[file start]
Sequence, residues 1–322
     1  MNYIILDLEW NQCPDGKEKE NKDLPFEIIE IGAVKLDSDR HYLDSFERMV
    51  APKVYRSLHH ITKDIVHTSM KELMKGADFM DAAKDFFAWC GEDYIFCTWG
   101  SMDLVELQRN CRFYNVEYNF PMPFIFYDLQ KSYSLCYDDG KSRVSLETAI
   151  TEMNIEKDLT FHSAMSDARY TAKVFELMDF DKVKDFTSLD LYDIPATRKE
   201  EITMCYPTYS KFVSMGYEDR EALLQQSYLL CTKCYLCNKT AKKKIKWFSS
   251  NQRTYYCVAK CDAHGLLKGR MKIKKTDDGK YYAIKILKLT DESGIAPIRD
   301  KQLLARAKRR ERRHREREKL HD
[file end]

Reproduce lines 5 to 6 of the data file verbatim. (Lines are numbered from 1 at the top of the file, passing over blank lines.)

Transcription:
   151  TEMNIEKDLT FHSAMSDARY TAKVFELMDF DKVKDFTSLD LYDIPATRKE
   201  EITMCYPTYS KFVSMGYEDR EALLQQSYLL CTKCYLCNKT AKKKIKWFSS